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WIPO Arbitration and Mediation Center


Ariens Company v. URDMC LLC

Case No. D2010-2216

1. The Parties

Complainant is Ariens Company of Brillion, Wisconsin, United States of America, represented by Quarles & Brady LLP, United States of America.

Respondent is URDMC LLC of Dallas, Texas, United States of America.

2. The Domain Name and Registrar

The disputed domain name <gravelymowers.com> is registered with Fabulous.com.

3. Procedural History

The Complaint was filed with the WIPO Arbitration and Mediation Center (the “Center”) on December 16, 2010. On December 20, 2010, the Center transmitted by email to Fabulous.com a request for registrar verification in connection with the disputed domain name. On December 21, 2010, Fabulous.com transmitted by email to the Center its verification response disclosing registrant and contact information for the disputed domain name which differed from the named Respondent and contact information in the Complaint. The Center sent an email communication to Complainant on January 4, 2011 providing the registrant and contact information disclosed by the Registrar, and inviting Complainant to submit an amendment to the Complaint. In response to this invitation and a notification by the Center that the Complaint was administratively deficient, Complainant filed an amended Complaint on the same day, January 4, 2011.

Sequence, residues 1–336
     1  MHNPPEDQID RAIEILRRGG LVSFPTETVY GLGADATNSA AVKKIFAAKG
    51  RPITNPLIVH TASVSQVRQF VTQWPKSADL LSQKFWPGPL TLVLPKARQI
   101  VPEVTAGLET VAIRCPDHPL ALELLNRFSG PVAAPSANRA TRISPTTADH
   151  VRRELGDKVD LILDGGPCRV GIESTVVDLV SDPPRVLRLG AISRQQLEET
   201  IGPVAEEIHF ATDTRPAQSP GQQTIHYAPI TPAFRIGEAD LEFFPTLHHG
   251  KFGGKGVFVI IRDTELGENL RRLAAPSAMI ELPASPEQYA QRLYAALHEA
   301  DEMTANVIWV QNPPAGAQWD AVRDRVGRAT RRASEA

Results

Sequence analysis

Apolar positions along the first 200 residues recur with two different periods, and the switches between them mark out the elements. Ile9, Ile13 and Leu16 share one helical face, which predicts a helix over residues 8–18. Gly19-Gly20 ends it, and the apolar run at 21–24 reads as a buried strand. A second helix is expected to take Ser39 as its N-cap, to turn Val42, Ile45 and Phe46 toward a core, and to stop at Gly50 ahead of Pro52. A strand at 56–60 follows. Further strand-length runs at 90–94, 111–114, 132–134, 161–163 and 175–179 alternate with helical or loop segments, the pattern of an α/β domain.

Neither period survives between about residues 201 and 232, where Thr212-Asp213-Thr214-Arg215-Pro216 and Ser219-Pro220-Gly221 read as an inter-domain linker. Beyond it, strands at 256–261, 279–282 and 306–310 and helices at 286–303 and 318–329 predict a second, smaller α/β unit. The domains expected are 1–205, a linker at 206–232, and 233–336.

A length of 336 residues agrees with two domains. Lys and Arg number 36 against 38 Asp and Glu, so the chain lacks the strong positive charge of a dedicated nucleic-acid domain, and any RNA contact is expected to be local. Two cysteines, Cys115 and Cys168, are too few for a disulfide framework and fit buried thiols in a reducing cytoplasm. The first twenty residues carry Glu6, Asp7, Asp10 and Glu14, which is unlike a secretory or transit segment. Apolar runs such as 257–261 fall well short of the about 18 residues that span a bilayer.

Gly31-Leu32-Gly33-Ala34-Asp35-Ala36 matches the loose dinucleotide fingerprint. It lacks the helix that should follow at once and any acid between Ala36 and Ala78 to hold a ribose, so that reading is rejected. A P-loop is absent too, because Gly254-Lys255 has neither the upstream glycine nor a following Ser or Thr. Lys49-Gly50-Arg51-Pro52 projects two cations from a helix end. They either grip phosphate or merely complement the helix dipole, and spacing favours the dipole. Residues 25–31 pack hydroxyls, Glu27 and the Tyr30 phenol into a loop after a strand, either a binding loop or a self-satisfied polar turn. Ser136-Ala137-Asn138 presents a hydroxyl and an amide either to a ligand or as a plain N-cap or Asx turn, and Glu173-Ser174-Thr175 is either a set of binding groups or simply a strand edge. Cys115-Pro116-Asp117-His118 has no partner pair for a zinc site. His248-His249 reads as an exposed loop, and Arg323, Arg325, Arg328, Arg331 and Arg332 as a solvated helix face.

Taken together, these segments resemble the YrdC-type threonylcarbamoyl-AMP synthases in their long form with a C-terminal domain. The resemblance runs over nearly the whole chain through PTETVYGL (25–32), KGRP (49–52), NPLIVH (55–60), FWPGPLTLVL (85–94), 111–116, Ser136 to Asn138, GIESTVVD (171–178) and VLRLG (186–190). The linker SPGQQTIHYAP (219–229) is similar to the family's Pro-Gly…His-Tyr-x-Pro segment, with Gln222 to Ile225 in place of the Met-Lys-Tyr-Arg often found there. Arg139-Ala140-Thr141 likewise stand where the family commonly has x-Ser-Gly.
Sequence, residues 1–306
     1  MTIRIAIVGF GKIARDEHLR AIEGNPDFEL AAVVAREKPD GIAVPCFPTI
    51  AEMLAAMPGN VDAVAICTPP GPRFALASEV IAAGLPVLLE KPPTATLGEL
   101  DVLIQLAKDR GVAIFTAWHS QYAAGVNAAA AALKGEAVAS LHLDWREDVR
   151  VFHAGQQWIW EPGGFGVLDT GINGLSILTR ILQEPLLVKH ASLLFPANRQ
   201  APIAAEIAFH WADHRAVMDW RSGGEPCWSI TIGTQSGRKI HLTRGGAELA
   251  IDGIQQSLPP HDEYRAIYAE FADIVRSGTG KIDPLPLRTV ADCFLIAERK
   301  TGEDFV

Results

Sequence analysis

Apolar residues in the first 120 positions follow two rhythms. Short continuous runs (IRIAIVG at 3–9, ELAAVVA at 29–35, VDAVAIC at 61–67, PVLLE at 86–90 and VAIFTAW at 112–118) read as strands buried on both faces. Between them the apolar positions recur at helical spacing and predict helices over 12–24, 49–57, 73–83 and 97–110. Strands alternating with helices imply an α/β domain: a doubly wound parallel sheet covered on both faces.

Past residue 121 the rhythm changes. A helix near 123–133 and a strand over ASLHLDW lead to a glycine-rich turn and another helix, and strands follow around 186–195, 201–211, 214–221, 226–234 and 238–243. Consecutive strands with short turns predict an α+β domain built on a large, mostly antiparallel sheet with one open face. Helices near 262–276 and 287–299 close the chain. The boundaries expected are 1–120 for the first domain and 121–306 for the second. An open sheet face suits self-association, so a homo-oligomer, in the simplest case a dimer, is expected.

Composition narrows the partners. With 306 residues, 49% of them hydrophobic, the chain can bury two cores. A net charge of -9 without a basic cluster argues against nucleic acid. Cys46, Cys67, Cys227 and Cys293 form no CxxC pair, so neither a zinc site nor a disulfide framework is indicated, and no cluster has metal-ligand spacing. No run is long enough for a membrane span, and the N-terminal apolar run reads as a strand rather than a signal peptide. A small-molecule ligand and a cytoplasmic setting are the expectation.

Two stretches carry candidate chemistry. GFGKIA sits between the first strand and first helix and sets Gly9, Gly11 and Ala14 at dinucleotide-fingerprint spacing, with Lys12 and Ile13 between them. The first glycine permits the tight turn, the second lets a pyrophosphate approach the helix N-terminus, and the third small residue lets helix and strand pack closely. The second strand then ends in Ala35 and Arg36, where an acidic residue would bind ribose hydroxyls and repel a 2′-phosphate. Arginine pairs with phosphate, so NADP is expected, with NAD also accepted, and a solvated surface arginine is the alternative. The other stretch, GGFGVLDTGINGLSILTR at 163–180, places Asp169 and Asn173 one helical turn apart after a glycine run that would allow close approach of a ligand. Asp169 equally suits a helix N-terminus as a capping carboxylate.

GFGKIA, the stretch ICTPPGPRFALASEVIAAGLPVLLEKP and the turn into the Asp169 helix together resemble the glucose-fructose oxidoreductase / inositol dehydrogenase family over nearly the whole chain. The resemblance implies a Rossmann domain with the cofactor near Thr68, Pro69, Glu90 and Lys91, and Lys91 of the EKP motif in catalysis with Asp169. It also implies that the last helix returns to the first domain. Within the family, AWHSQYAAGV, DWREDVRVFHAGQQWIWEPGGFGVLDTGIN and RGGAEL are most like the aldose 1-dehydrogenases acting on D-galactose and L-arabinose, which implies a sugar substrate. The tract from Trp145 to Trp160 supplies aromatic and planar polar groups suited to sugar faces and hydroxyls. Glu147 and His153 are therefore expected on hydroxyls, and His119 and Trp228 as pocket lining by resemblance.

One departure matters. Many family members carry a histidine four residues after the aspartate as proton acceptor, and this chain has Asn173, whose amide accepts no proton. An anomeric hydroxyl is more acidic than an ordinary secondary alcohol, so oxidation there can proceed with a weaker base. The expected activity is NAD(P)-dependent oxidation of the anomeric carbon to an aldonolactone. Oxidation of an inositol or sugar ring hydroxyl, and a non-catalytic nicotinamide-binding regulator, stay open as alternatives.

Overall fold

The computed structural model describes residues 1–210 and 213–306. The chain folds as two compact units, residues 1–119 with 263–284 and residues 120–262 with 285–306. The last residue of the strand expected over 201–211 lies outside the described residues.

The Center verified that the Complaint together with the amended Complaint satisfied the formal requirements of the Uniform Domain Name Dispute Resolution Policy (the “Policy” or “UDRP”), the Rules for Uniform Domain Name Dispute Resolution Policy (the “Rules”), and the WIPO Supplemental Rules for Uniform Domain Name Dispute Resolution Policy (the “Supplemental Rules”).

In accordance with the Rules, paragraphs 2(a) and 4(a), the Center formally notified Respondent of the Complaint, and the proceedings commenced on January 6, 2011. In accordance with the Rules, paragraph 5(a), the due date for Response was January 26, 2011. Respondent did not submit any response. Accordingly, the Center notified Respondent’s default on January 27, 2011.

The Center appointed Jeffrey D. Steinhardt as sole panelist in this matter on February 2, 2011. The Panel finds that it was properly constituted. The Panel has submitted the Statement of Acceptance and Declaration of Impartiality and Independence, as required by the Center to ensure compliance with the Rules, paragraph 7.

4. Factual Background

Complainant is owner of the GRAVELY trademark, United States Trademark Registration Number 2,376,777, used in association with lawn mowers among other things. The First Use of Complainant’s GRAVELY trademark as noted by Complainant’s United States trademark registration dates back to 1922. Complainant also owns and uses the domain name <gravely.com> which was registered in 1995, along with other registered trademarks containing the term “Gravely.”